“We have made great strides in diversifying our device customer base across the automotive, industrial and energy sectors, with flagship agreements with key OEMs and tier-1s, including Jaguar Land Rover, Mercedes, BorgWarner, and ZF,” says Lowe. “We are also continuing to see growth in the traditional industrial and energy segments as customers make the transition to silicon carbide. We are seeing many opportunities in solar and energy systems, motor drives, UPS, heat pumps, air conditioning, and many more. The growth in these segments is primarily driven by the need for higher energy efficiency. In addition, emergent industrial applications such as e-mobility, electric vertical take-off and landing (VTOL) aircraft, are also integrating Wolfspeed silicon carbide within their initial designs to reduce system weight and improve range,” he adds.
“Our customer wins to date give us the confidence in the growth of our addressable market and our ability to capture meaningful share of the device market between now and the end of the decade,” says Lowe.
For its fiscal first-quarter 2024 (to end-September), Wolfspeed targets revenue of $220–240m, with power device revenue from the Durham fab remaining capacity-constrained at about $100m per quarter. RF revenue will be flattish for fiscal first-half 2024 (before perhaps a modest pickup in the second half).
Gross margin is expected to fall to 10–18% in fiscal Q1, since this will now include about $37m of under-utilization costs (–16% of gross margin) as the Mohawk Valley fab (which will be capable of generating $2bn in revenue at full capacity) continues to ramp up production. “We have three products that are currently fully qualified at the Mohawk Valley fab, and we have eight additional products that now pass all reliability testing and are working through the final end of qualification for that,” says Lowe. “As we transition Mohawk Valley from pre-production to an active production facility in the first quarter of fiscal 2024, these costs will be categorized as under-utilization costs and will be part of cost of goods sold,” he adds.
“We expect underlying gross margin performance, excluding under-utilization, to improve modestly in the quarter as we continue to serve more automotive customer mix out of the Durham fab,” stresses Reynolds.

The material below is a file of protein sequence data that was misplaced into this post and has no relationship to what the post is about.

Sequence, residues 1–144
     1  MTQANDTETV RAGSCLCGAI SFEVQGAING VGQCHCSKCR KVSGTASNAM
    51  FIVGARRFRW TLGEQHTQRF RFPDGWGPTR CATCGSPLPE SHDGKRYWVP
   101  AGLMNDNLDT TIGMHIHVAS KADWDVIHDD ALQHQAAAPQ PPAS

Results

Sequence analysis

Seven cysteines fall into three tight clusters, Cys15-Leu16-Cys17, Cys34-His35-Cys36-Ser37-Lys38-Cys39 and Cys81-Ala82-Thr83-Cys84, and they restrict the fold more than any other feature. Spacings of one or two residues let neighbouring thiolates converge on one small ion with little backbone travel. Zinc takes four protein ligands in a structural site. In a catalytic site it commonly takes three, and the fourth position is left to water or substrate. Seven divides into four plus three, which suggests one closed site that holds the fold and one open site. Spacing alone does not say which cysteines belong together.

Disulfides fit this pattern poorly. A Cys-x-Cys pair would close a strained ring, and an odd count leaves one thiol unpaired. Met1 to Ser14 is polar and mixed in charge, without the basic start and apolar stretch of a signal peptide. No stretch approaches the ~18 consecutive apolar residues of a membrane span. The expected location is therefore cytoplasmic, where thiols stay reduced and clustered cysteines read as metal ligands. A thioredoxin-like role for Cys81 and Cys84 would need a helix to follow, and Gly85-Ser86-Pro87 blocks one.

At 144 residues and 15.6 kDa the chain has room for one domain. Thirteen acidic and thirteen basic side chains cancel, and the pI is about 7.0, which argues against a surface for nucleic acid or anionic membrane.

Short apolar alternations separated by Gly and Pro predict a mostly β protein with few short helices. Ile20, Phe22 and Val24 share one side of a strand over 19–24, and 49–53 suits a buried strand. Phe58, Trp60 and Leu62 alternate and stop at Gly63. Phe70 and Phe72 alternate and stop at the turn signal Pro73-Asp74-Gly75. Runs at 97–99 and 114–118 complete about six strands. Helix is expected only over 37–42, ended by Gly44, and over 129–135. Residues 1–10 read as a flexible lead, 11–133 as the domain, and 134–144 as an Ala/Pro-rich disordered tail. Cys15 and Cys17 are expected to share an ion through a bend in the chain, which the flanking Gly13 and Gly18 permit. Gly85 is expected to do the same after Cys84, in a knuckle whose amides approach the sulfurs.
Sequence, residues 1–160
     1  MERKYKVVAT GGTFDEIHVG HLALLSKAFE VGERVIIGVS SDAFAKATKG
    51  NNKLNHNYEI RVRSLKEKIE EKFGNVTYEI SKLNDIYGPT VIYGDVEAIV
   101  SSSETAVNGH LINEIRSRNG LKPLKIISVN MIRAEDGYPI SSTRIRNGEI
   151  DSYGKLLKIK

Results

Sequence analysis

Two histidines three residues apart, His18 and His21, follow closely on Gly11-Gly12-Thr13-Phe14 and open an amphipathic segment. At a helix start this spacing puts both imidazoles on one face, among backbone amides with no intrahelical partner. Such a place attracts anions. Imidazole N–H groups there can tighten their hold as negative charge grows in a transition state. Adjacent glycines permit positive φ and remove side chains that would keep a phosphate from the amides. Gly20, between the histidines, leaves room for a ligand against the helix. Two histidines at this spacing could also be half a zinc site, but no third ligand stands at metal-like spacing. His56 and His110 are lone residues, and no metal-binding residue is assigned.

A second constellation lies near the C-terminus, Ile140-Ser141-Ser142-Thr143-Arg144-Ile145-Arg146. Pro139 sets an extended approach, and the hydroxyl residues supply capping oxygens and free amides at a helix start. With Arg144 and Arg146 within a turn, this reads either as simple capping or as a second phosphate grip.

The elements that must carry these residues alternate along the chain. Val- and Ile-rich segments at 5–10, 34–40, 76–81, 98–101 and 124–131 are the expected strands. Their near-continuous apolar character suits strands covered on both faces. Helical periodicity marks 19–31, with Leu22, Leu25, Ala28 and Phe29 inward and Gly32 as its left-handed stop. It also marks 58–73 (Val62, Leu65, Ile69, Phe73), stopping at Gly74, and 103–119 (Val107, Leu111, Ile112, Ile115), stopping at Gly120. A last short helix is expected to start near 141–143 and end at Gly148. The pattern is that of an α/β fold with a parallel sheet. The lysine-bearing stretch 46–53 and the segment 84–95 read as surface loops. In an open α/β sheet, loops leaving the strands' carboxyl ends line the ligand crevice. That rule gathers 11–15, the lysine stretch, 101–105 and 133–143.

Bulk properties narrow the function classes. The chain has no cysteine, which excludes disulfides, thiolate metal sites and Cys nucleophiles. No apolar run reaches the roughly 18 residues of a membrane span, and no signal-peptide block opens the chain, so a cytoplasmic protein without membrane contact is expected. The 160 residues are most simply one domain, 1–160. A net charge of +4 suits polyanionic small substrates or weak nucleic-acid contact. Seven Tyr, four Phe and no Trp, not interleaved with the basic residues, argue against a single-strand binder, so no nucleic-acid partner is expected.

Operating expenses should rise to about $120m in fiscal Q1. However, this will include about $8m of factory start-up costs in connection with the materials expansion efforts (primarily related to the JP materials facility in Siler City, NC). Excluding start-up costs, OpEx increases quarter-over-quarter are driven by higher employee-related expenses.
Net loss is hence expected to rise to $75–94m ($0.60–0.75 per diluted share).
“We still have some work to do at Mohawk Valley as we scale device production, and expect a modest increase in device revenues in the first half of fiscal 2024, with a steeper increase in revenue beginning in the second half of 2024,” says Lowe.
Given that growth will be governed by how quickly Wolfspeed ramps up 200mm substrate capacity and, in turn, the Mohawk Valley fab, for fiscal full-year 2024 Wolfspeed hence continues to expect revenue of $1–1.1bn (reduced in May by 35% from the $1.6bn forecast given at last’s October Analyst Day).
CapEx should be about $2bn, mostly related to the build-out at JP. “Customers are continuing to select Wolfspeed for their future silicon carbide device needs, so we must remain keenly focused on scaling our materials and device capacity in fiscal 2024,” concludes Lowe.
From a materials perspective, in early July Wolfspeed has signed a 10-year wafer supply agreement with automotive semiconductor device maker Renesas Electronics Corp. “The agreement includes a $2bn customer deposit, which is one of the largest deposits I have ever seen in my 30-plus years in semiconductors. This will secure a capacity corridor as they begin to ramp silicon carbide device production beginning in 2025,” says Lowe. “Securing this key customer was possible because of our forward-thinking investments in material capacity at the Durham campus and with the construction of the JP. We will be uniquely positioned to drive the industry transition from 150mm to 200mm silicon carbide wafers, which will help address some of the supply–demand mismatch which currently exists today and potentially open up new markets for silicon carbide applications in the industrial and energy sectors,” he adds.
“Fully built out, the JP will add 10 times more capacity compared to our current operations in Durham, significantly increasing the world’s total supply of silicon carbide materials,” says Lowe. “The building foundation is in place, and we’ve now started construction on the shell of the building. We remain on track to begin producing wafers at the site in the second half of calendar 2024,” he adds.
“While we are still aligned on previous expectations that we will reach 20% utilization out of Mohawk Valley by the end of fiscal 2024, it will be the second half of the calendar year 2024 before we see $100m of quarterly revenue from the fab that the 20% utilization would represent. This accounts for the time between fab starts and shipments to our customers,” notes Reynolds. “As we shift to higher levels of production out of Mohawk Valley, we anticipate future improvements in gross margin [to more than 50%, since the unit economics are significantly more favorable than the Durham fab].”